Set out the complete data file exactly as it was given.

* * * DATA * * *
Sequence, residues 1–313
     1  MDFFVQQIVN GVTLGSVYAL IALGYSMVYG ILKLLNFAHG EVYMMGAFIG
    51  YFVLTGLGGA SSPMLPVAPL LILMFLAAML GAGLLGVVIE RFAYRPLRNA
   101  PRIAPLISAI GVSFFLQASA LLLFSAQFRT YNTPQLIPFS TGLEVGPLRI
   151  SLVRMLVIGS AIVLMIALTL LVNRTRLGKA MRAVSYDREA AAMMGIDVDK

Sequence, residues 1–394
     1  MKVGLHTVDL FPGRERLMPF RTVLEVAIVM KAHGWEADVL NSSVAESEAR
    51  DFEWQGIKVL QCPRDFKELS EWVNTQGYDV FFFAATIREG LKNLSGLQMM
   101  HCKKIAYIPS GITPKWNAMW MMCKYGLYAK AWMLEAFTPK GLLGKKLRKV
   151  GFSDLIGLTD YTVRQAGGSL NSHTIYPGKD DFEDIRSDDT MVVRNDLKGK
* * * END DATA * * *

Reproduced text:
Sequence, residues 1–313
     1  MDFFVQQIVN GVTLGSVYAL IALGYSMVYG ILKLLNFAHG EVYMMGAFIG
    51  YFVLTGLGGA SSPMLPVAPL LILMFLAAML GAGLLGVVIE RFAYRPLRNA
   101  PRIAPLISAI GVSFFLQASA LLLFSAQFRT YNTPQLIPFS TGLEVGPLRI
   151  SLVRMLVIGS AIVLMIALTL LVNRTRLGKA MRAVSYDREA AAMMGIDVDK

Sequence, residues 1–394
     1  MKVGLHTVDL FPGRERLMPF RTVLEVAIVM KAHGWEADVL NSSVAESEAR
    51  DFEWQGIKVL QCPRDFKELS EWVNTQGYDV FFFAATIREG LKNLSGLQMM
   101  HCKKIAYIPS GITPKWNAMW MMCKYGLYAK AWMLEAFTPK GLLGKKLRKV
   151  GFSDLIGLTD YTVRQAGGSL NSHTIYPGKD DFEDIRSDDT MVVRNDLKGK